A person can contest a will if they believe the person who executed it was suffering from dementia at the time. However, whether the testator’s dementia is sufficient to invalidate the will depends on many factors, such as the nature and severity of their dementia symptoms.
Is a will legal if the person has dementia?
Yes, a will is legal if the person creating it has dementia as long as they have sufficient mental awareness to satisfy the relatively low legal threshold known as “testamentary capacity.”
In California, under Probate Code 6100.5, a person is not mentally competent to make a will if they do not have sufficient mental capacity to understand the following:
- That they are making a will
- The nature and extent of their property
- Their living descendants, spouse, and parents, and those whose interests are affected by the will
As long as the person with dementia has a basic understanding of these ideas, they have the mental competency to create a will. It’s important to note capacity is only important as of the time the will is created. Later incapacity will not affect a will’s validity.
Sometimes when there are concerns about whether someone with dementia has the testamentary capacity needed to create a will, with the assistance of their estate planning lawyer, they will take steps to shore up the validity of the document, such as by having a capacity determination done by a licenced or treating physician, perform a capacity examination or test, or otherwise document or memorialize their abilities and desires to do the planning at issue. Sometimes videotaping a Q & A with the testator can help support the validity of the document, but oftentimes the videos show a frail and somewhat incoherent testator, which, in the hands of an experienced probate litigator, only serves to help invalidate the will at issue.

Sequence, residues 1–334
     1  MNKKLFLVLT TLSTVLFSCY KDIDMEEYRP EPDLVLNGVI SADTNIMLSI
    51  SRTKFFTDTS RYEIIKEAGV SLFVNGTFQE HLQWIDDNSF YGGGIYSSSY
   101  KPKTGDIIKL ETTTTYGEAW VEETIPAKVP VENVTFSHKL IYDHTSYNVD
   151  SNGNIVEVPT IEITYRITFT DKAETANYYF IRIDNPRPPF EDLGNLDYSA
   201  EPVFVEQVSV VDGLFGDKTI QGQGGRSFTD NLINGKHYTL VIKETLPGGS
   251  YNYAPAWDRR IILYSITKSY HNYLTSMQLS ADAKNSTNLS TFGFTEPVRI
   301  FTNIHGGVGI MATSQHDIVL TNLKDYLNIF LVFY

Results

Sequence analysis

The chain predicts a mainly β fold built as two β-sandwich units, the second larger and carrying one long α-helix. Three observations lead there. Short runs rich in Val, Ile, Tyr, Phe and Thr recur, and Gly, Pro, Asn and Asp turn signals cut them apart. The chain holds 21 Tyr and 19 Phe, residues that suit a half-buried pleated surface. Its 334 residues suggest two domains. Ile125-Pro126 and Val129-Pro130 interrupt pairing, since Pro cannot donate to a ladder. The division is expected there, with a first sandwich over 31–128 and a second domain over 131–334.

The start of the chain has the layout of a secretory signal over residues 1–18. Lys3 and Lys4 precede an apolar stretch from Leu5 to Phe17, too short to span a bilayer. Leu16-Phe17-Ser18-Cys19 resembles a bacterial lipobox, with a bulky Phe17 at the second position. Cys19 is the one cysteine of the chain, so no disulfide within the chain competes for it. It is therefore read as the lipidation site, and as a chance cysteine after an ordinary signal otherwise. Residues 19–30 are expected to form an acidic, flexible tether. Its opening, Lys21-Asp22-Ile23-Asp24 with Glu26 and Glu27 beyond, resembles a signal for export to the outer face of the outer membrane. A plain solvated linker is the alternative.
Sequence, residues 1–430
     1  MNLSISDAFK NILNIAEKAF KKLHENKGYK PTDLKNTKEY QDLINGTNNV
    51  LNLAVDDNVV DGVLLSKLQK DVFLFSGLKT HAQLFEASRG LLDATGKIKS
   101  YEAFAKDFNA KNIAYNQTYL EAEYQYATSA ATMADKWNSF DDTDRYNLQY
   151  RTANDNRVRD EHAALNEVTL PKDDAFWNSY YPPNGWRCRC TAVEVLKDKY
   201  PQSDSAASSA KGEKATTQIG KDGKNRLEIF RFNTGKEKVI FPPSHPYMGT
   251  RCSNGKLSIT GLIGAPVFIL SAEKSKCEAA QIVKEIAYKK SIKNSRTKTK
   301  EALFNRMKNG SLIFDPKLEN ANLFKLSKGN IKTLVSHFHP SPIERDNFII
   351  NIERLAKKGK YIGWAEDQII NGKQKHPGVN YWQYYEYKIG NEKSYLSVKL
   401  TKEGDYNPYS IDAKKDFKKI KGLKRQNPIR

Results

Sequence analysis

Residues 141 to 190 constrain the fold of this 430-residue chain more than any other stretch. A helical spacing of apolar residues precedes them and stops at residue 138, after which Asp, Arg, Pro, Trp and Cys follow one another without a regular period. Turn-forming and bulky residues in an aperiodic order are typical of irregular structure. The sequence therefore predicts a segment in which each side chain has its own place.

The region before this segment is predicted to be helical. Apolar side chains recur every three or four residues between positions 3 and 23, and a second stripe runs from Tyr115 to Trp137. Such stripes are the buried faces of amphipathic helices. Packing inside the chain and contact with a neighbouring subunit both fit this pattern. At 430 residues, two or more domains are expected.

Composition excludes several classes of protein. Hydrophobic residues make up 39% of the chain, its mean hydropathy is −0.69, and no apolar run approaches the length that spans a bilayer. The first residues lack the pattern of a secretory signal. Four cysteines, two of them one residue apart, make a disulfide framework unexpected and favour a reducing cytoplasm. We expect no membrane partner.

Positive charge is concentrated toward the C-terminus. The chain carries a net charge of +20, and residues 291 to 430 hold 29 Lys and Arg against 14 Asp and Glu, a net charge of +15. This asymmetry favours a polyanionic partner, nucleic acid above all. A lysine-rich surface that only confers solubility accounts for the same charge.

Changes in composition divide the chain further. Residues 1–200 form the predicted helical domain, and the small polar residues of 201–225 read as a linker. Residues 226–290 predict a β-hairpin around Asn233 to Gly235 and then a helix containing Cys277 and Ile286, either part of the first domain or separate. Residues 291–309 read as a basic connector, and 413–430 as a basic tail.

Can people with dementia contest wills?
Yes, people with dementia can contest wills as long as they are an interested party in the will and have the necessary “legal capacity” to be a party to a lawsuit. However, a person who has been determined to be mentally incompetent due to dementia can still contest a will through a conservator or a guardian ad litem.
According to California Code of Civil Procedure 372, adults who lack the legal capacity to make decisions cannot appear in court without a conservator of the estate or guardian ad litem representing them.
A conservatorship is a legal process where the court appoints a responsible person, known as the “conservator,” to make decisions on behalf of an adult who cannot care for themselves or their finances.
Conservators can be appointed as a conservator of the person, conservator of the estate, or both. A conservator of the person is responsible for taking care of the individual’s personal needs. In contrast, a conservator of the estate handles financial matters, such as paying bills and filing lawsuits. Only the conservator of the estate can represent an incompetent person in a will contest.
Guardians ad Litem
In addition to conservators, a guardian ad litem can also represent a mentally incompetent individual in a will contest. A guardian ad litem is an attorney who is appointed by a court to represent the interests of someone who cannot represent their own interests during a legal proceeding. In a will contest or another legal proceeding, a guardian ad litem can be appointed if the judge determines it will be helpful to the case, whether or not the person is also represented by a guardian or conservator.
So, for example, if the judge questions whether the appointed conservator is able to act in the best interest of the person with dementia, a guardian ad litem can be appointed to represent them. In these situations, the conservator will still remain part of the case, but the guardian ad litem will also have the opportunity to present the individual’s best case.
No matter the circumstances, the legal proceedings for contesting a will or defending against a will contest are always fact intensive and challenging. You should immediately consult with an experienced California probate litigation attorney in any situation involving dementia and will contests.
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About RMO, LLP
RMO LLP serves clients in Los Angeles, Santa Monica, Ventura, Santa Barbara, San Francisco, Orange County, San Diego, Kansas City, Miami, and communities throughout California, Florida, Missouri, and Kansas. Our founder, Scott E. Rahn, has been named “Top 100 – Trust and Estate Litigation” by SuperLawyers, Trusts and Estates Litigator of the Year, and Best Lawyers in America for Litigation – Trusts and Estates. For a free consultation, call (424) 320-9444 or visit: https://rmolawyers.com.